November 09, 2021
Raising the Barre
ACS member Terrel Lefferts dances her way to success
By Sarah Burke
Andrew Carnegie Society member and scholarship supporter Terrel Lefferts seized an opportunity to bring joy and movement to children during the pandemic. Together with her daughter, Kaelyn, she has written and published 16 books that use creative storytelling to inspire kids to dance. Five more books are in production.
Terrel and her husband, Robert, are both Carnegie Mellon alumni. Terrel graduated from the Tepper School of Business in 1993, while Robert earned his bachelor’s and master’s degrees from Dietrich College of Humanities and Social Sciences in 1991 and 1993. This proud Tartan couple established an ACS Legacy Scholarship in 2019 to support the next generation of Tartans.
We caught up with Terrel to discover what drives her work and philanthropy.
How has your passion for dance influenced your life?
Dance has always weaved in and out of my life. I joined ballet and modern dance classes at CMU and was a founding member of CMU’s Dancers’ Symposium. Twenty years ago, I quit my job — program manager for a nonprofit helping kids — to focus on teaching dance and my photography business.
How did Once Upon a Dance get started?
My daughter and I originally created movement videos for children, and we eventually switched from videos to books hoping to reach more kids. We have two main series: “Dance-It-Out! Creative Movement Stories for Young Movers” (ages 4+) and “Dancing Shapes: Ballet and Body Awareness for Young Dancers” (ages 6+). We were honored that the first Dancing Shapes book was a 2021 Independent Press Award Winner.
What’s your creative process for new books?
The initial book structure is always a pretty physical process; I am still a dance teacher at heart. I actually made up all the movements for “Mira Monkey’s Magic Mirror Adventure” on my front sidewalk. I’m sure the neighbors were like, “What the…?”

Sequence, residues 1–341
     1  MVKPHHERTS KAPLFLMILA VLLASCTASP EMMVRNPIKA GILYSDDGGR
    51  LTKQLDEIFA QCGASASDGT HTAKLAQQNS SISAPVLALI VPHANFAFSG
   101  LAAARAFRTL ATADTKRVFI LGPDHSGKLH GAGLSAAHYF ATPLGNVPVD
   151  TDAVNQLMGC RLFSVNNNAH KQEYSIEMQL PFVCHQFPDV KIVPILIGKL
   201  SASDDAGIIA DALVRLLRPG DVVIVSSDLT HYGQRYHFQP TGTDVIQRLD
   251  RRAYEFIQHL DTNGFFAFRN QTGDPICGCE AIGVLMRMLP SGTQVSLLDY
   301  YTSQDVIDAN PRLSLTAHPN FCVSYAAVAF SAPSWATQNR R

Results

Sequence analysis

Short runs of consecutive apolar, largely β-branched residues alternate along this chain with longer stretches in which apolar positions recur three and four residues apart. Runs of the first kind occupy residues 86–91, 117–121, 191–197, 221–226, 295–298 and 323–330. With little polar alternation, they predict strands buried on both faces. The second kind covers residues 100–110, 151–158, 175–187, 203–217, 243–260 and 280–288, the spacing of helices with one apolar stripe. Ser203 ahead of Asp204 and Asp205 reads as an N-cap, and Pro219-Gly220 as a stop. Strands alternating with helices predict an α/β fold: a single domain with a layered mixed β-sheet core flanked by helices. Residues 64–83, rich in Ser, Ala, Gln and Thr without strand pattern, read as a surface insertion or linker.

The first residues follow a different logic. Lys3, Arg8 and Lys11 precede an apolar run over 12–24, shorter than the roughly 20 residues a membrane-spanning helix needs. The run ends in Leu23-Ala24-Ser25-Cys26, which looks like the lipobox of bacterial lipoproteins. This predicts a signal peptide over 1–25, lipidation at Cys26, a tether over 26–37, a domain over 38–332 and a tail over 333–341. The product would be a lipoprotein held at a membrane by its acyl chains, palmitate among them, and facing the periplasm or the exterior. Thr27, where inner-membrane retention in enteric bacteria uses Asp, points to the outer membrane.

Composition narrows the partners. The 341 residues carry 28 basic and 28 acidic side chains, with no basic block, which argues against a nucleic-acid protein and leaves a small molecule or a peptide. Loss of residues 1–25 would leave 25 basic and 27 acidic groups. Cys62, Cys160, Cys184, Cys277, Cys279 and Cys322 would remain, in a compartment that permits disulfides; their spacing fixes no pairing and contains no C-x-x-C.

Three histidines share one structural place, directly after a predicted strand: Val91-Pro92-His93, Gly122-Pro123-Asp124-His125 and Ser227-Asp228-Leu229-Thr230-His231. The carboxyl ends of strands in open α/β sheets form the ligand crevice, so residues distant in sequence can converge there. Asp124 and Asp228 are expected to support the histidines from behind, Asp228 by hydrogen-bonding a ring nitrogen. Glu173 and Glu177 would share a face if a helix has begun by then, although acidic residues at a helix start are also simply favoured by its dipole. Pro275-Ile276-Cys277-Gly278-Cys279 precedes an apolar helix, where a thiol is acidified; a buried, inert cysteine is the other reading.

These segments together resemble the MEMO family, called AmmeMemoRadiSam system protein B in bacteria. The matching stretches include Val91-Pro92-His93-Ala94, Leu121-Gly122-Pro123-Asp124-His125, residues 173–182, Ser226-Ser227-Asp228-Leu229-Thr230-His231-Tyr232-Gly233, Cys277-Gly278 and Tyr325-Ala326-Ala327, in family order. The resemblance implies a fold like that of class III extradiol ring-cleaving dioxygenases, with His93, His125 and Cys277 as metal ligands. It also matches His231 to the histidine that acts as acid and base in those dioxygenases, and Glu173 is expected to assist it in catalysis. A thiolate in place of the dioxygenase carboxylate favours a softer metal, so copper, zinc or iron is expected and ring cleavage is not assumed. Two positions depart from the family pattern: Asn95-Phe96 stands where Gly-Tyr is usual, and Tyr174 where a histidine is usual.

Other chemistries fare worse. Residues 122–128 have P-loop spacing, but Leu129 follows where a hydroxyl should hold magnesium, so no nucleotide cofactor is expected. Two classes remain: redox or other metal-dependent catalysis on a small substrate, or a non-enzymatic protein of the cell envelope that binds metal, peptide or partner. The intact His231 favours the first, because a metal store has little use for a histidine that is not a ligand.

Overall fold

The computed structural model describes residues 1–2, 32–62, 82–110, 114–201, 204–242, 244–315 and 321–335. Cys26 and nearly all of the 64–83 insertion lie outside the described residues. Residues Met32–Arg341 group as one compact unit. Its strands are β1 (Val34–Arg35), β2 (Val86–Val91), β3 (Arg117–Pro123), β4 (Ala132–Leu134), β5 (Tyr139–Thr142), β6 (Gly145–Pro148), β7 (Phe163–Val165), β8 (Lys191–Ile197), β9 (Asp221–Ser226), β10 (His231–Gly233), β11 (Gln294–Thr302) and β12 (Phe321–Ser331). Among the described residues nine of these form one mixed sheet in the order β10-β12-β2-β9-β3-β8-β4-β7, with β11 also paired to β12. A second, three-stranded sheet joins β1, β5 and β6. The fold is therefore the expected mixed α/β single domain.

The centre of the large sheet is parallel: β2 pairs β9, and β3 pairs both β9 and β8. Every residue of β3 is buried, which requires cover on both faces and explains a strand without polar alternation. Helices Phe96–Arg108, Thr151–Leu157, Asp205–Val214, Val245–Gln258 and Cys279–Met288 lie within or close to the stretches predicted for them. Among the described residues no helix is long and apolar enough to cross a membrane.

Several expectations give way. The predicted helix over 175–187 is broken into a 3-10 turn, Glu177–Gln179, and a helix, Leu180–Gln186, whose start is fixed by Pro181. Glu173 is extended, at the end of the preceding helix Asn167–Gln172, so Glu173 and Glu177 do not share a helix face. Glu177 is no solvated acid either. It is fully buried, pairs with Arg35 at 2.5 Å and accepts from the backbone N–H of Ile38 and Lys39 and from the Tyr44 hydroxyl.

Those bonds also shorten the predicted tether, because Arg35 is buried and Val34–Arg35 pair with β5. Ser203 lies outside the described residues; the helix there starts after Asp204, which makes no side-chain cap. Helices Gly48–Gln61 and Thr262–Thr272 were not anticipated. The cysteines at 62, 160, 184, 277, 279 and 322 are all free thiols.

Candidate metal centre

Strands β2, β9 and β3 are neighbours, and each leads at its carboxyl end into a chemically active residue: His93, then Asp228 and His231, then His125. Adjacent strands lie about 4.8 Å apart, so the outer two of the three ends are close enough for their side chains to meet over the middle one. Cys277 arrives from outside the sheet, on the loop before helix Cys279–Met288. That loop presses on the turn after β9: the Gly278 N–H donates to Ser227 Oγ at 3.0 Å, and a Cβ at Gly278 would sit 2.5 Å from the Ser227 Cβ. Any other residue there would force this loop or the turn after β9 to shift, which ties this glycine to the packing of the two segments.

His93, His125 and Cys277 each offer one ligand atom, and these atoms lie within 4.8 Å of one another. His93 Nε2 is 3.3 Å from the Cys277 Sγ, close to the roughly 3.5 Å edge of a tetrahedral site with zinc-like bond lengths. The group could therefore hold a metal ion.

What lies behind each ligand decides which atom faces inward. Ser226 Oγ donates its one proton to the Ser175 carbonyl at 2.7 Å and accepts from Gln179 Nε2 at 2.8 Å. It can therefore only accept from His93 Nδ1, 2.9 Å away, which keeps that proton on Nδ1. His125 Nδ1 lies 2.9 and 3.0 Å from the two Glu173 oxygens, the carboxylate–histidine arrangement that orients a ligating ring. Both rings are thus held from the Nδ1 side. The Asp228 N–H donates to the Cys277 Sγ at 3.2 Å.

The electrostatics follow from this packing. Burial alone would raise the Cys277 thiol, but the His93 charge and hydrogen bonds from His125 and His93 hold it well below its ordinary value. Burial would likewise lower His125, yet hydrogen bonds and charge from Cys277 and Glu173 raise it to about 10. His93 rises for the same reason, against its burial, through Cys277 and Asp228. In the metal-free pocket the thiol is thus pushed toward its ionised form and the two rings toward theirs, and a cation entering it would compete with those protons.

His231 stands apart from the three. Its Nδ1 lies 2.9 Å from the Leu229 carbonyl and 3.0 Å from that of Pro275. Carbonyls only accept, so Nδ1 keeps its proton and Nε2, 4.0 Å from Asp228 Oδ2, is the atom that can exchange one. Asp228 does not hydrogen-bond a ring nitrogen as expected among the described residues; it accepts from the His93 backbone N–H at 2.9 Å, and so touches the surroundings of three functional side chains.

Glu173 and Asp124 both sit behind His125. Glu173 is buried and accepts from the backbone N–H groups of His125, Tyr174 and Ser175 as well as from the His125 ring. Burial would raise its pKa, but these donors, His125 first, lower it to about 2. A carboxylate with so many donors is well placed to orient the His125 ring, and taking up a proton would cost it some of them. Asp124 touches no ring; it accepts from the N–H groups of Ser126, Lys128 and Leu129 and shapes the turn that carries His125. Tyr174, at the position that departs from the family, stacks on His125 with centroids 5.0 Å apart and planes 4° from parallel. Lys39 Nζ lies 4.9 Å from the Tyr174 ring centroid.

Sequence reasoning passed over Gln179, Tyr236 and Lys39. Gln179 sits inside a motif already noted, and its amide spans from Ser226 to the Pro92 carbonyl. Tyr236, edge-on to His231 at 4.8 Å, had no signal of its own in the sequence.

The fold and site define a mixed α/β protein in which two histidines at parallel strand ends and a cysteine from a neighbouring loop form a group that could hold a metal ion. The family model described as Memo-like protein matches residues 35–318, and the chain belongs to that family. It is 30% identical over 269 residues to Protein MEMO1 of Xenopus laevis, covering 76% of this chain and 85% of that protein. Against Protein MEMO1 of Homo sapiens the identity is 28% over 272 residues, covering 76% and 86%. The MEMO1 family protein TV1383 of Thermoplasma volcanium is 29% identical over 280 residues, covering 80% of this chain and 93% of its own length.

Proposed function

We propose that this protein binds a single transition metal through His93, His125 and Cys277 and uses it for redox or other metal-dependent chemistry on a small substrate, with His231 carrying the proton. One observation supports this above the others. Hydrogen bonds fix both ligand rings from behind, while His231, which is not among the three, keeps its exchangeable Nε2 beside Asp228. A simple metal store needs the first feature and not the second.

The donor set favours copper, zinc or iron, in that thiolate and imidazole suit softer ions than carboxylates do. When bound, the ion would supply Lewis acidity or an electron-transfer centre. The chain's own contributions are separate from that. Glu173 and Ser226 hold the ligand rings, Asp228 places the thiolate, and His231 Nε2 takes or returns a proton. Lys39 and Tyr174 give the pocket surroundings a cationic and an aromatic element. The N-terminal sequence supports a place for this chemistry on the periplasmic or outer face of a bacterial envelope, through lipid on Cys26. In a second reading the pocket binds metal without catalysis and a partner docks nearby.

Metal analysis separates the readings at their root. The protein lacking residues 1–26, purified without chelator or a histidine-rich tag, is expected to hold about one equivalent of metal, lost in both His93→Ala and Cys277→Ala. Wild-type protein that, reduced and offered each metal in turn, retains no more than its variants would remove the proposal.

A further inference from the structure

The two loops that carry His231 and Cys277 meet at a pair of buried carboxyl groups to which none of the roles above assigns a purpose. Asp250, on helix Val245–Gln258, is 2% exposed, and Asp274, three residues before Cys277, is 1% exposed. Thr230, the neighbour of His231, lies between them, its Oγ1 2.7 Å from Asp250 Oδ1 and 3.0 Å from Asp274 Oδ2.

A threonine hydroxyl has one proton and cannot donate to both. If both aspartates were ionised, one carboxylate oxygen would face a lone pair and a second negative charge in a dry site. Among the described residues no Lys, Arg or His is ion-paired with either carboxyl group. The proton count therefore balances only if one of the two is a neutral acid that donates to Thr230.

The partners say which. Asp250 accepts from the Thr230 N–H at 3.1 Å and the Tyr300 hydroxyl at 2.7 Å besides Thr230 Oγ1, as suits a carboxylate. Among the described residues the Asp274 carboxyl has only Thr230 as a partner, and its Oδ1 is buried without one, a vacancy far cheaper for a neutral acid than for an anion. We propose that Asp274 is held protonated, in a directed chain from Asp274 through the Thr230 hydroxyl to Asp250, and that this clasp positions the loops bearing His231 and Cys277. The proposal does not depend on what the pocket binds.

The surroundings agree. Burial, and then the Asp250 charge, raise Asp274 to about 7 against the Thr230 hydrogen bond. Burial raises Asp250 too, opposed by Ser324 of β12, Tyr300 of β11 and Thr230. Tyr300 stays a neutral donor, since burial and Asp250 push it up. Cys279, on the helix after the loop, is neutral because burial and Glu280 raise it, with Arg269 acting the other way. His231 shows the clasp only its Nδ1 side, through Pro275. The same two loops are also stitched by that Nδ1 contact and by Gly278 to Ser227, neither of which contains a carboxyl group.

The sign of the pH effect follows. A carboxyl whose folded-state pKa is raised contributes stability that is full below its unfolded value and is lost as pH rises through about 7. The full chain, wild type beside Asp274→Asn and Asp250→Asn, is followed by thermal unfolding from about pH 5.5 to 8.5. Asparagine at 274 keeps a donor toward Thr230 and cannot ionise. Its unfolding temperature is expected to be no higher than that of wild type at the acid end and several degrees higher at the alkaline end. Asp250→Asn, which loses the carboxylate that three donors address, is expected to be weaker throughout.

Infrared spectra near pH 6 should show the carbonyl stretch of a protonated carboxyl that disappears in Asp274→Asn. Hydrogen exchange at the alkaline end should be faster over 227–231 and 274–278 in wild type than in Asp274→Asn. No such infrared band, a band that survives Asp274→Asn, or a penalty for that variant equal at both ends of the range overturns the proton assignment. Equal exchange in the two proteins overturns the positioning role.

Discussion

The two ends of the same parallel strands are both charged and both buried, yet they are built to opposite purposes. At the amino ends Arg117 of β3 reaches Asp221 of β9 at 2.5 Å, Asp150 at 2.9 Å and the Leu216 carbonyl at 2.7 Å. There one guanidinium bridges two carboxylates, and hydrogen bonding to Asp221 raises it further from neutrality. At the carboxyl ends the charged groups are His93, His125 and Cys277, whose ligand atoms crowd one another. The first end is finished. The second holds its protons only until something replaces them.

How do you hope Once Upon a Dance impacts children and families?
We created the books I wished I’d had when I was a mom of a little girl and teaching dance to young kids. If I’d had these books when I was a child, I’m pretty sure the cassette tape would have snapped from overuse.
What are some of your favorite CMU experiences?
As a chemical engineering and public policy double major, CMU would have kicked me out if it weren’t for the grades in my dance and photography classes, which were some of my favorites.
While I was not academically strong, I did receive CMU’s My Heart Is in the Work Award for my contributions to student life. I was very active in campus organizations: Student Senate, photo editor for the yearbook, resident assistant, desk manager, orientation counselor, undergraduate representative on the University Student Affairs Committee … the list goes on and on.
I wish someone would have pointed out that the things I did for fun could translate to practical career skills. I’d love to write a letter to myself at that time, just to say, “There are jobs that use these skills!” It took me a while, but I guess I finally figured it out. I worked for several nonprofits, which used related leadership talents. I had a burgeoning photography business, as well as a dance program I’d built from scratch. And now, of course, a publishing business, where leadership and networking skills from CMU extracurriculars are highly applicable.
How has your education impacted your career?
At the end of my junior year, I switched majors to business. Senior-year classes went much better: I made the Dean’s List for the first time. Classes in marketing and communications were relevant to my occupations, particularly my new author career.
Why did you decide to establish an ACS Legacy Scholarship?
Just like my younger CMU self, I crave connection. Robert and I talked it over and thought this was a great way to give back and connect.
What do you hope this support makes possible for students?
I hope it’s empowering for a student to know someone wants them to succeed, like a silent admirer from afar.